On Monday 13 July, The South African Students Congress (Sasco) will begin an online campaign against gender-based violence, says Kamva-lethu Goje, Media and Publicity Secretary of Sasco’s Rhodes University branch. Sasco’s GBV campaign, spearheaded by BEC Gender officer, Nkateko Mbhele and Goje, will be carried out in two phases – first online and then, when conditions allow, physical activism.
For the online component, Goje says they have appealed to artists, in the spirit of the National Arts Festival, to create content that raises awareness of gender-based violence. The page is under construction, and will be a platform ‘declaring support for survivors of GBV.’
In addition, surveys and other forms of information gathering, will provide statistics, offering a clearer picture of GBV, says Goje. The campaign will be grounded in education about measures people can take as a starting point, and helplines.
“People do not really understand how things work,” said Goje.
In order to cater to the socio-economic disparities of Makhanda, and the unequal lack of access to online platforms, Goje says Sasco branch members will put up posters, and distribute pamphlets informing Makhanda of helplines and what they can do if they experience GBV.
The campaign came out of a virtual brainstorming held late last month by Sasco’s BEC, and the Media and Orientation sub-committee met for one of their weekly meetings to finalize ideas last week.
“It’s essential to find ways to sustain the campaign,” Goje said. ”It’s important this isn’t a once-off thing.“
In the second phase of Sasco’s GBV awareness campaign, they plan to collaborate with student societies within the university, but this has obviously been difficult as students have been away from campus.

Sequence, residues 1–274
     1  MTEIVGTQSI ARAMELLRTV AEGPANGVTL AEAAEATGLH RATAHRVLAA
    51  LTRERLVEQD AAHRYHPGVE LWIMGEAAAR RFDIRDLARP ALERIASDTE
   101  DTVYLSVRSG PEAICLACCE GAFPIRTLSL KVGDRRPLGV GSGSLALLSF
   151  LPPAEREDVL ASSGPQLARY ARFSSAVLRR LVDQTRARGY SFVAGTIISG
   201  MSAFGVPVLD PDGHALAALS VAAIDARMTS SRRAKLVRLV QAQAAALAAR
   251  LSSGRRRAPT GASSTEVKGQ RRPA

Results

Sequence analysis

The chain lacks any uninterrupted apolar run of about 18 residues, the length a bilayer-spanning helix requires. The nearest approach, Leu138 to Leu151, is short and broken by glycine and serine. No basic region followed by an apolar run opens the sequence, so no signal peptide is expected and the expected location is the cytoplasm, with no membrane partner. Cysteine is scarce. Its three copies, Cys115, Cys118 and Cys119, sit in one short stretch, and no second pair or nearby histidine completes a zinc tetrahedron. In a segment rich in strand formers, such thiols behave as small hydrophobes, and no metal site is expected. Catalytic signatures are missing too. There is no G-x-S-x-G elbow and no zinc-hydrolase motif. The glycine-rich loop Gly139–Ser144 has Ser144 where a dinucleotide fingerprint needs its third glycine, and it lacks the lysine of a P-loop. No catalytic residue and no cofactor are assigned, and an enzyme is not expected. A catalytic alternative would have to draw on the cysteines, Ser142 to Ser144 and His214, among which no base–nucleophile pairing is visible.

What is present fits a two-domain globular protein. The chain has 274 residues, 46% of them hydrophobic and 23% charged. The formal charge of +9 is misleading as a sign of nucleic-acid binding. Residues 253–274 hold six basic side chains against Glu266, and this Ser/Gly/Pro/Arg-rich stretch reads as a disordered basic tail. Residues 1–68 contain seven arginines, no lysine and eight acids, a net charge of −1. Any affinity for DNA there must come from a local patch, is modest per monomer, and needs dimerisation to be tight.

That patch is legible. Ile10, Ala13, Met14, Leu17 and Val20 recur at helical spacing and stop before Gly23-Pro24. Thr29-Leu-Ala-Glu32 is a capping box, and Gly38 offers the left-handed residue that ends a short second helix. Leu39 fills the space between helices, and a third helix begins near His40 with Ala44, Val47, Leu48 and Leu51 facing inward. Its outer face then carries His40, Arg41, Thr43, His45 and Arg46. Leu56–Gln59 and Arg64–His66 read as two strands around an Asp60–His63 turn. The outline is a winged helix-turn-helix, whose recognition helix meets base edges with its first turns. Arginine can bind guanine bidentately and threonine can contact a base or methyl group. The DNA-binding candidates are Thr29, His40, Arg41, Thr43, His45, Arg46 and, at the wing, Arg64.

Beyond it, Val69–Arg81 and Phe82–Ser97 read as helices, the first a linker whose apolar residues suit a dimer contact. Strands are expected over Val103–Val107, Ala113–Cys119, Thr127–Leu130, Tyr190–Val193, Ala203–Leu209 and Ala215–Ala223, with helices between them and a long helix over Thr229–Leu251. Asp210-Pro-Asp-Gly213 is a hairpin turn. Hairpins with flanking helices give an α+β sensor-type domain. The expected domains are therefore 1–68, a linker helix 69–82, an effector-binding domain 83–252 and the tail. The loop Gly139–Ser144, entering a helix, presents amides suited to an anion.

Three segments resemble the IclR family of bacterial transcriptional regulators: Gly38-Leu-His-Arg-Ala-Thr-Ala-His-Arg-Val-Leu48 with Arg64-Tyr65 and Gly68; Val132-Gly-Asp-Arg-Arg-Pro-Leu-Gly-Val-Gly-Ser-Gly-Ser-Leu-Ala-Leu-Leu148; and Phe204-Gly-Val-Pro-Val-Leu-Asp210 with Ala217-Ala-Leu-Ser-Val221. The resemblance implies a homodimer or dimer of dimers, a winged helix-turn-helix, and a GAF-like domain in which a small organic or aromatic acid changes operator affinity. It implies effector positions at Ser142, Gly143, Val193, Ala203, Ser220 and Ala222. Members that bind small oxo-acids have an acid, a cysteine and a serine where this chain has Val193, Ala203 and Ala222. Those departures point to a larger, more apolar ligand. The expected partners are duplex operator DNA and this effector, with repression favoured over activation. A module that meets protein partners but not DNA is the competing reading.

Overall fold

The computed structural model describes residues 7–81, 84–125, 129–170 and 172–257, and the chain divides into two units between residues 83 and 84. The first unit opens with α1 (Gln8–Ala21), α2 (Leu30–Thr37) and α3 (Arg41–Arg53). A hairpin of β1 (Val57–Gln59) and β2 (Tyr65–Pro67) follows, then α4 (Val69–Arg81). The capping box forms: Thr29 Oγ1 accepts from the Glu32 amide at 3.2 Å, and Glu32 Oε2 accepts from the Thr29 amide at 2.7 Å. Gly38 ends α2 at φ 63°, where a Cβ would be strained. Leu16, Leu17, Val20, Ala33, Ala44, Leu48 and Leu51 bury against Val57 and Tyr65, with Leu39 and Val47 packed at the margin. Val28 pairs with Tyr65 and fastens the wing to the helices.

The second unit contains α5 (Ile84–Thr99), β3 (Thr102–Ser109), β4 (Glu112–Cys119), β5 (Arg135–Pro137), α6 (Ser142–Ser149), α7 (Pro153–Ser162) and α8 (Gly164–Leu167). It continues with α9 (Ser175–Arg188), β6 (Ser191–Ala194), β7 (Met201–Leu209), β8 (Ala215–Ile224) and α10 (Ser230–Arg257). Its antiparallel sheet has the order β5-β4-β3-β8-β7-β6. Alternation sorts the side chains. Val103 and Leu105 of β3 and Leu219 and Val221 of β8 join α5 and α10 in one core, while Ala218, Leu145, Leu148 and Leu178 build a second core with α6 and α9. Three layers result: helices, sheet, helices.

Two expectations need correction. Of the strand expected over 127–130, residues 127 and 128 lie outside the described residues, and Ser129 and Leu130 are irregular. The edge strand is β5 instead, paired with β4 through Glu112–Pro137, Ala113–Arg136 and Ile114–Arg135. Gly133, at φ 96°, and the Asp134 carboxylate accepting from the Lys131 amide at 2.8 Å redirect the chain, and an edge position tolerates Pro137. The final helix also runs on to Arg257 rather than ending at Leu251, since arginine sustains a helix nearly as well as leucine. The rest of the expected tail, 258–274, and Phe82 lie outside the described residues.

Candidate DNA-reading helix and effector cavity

Sasco intends to ask GBV survivors, if they are willing, to share their story.
“These would serve as testimonials and link up with the online campaign,’ Goje said.
“It is important that womxn are able to tell their story: if it resonates with someone who watches, perhaps it will allow them [in turn]to come forward. If gender-based violence survivors are comfortable opening up, we can facilitate the process, and hopefully they find some healing.”
”GBV is a big problem and not enough is being done,” said Goje. “Within the university environment it exists as a huge problem which people sometimes downplay.
“The university tries advocacy against GBV, but it is also the mentality of people.”
Goje says the aim of the campaign, the ”little that we can do” will be to engage with Makhanda, teach society about patriarchy and change ideas about assumed inherent inequality between the sexes.
“Solidarity is one way of meeting [GBV],” Goje said. “With law-enforcement failing and the government not responding enough, it is within the community that we can stand together to help each other.“
If you would like to contribute content or get involved with the campaign, please email: email@example.com
SASCO’s original statement on GBV can be found here: https://www.facebook.com/SASCORUBRANCH1991/posts/2839763846243811)
*Corrections made on 15/7/2020: (An earlier version of this story incorrectly reported SRC involvement with the anti-GBV campaign. The SRC is not affiliated with Sasco or the anti-GBV campaign.)